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Submission Format and Writing Technique Matter

Knowing the proper submission format and writing technique is just as important as writing a great plot. It matters. It matters to agents, editors, the production staff, and to readers. There is a reason we have things like commas, rules for dialogue, and spacing after a period (only one please). These rules help us read with ease and ensure continuity when books are sent to the printer.

On our video for when an agent offers representation, a reader asks:

As an agent, do you care about the format? I’m getting ready to start querying, but my manuscripts are formatted like scripts (because I initially envisioned them as graphic novels). I have decided to leave them like this, since they will have to be rewritten over and over anyway. But do you think that could piss some people off or they’d think I don’t have the will to work hard just because I didn’t correct it before querying?

My concern with your question is that it isn’t just about the proper format of a book. It seems to me that you aren’t formatting the book because you don’t see it as a completed project. Anything you submit to an agent should be complete, revised, edited, properly formatted and, I suppose, ready to go to the printer. Revisions will always be done and formatting, writing, and plotting will be altered and fixed. That doesn’t mean however that agents and editors are expecting a rough draft. They aren’t. They expect that the book is perfect and they are only working with you to make it more perfecter (yep. I did that).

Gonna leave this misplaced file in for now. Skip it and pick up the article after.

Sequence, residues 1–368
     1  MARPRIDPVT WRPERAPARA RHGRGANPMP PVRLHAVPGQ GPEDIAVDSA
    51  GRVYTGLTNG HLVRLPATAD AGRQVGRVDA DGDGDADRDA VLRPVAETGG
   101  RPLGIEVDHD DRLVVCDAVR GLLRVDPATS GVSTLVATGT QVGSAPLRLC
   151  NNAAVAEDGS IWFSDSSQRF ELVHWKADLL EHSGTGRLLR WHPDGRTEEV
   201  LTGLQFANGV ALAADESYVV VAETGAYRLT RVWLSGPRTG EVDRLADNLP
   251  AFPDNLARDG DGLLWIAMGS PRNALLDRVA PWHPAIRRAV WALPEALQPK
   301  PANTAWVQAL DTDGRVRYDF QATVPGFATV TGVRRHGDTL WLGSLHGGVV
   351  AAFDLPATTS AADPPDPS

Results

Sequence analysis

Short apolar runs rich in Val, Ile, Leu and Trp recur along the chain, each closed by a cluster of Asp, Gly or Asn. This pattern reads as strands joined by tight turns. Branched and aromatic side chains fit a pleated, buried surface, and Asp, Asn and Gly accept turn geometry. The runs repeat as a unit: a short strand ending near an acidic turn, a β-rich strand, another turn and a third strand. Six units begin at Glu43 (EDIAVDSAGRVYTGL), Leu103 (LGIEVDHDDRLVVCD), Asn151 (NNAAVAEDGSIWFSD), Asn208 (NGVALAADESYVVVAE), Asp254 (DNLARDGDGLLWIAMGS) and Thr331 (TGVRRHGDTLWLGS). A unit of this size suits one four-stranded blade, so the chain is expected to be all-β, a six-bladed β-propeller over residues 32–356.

If you don’t know proper writing techniques or formatting take time out from writing to learn them. If you know your book needs work, hold off submissions until the work is done.

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3 comments

  1. It still surprises me when I see this kind of attitude, I know it probably shouldn’t, but I’m old.

    In such a competitive world why would you want the professionals you wish to work with, see anything but you’re very best work?

  2. You don’t want to give any agent a reason to reject you. Think about the hundreds of submissions they receive. If they have a polished, formatted manuscript and they have a semi-polished, not-correctly-formatted manuscript which will be the first they reject?

    Especially if they don’t accept screenplays, they may think you’ve submitted to the wrong person and not even read a word.

  3. As I see it, it’s really simple. Writing is your job, your career. If you were submitting an application form and C.V. would you send in something that wasn’t complete, where you had written answers outside the space provided and not bothered to punctuate? If you did, would you be surprised if you didn’t get an interview.

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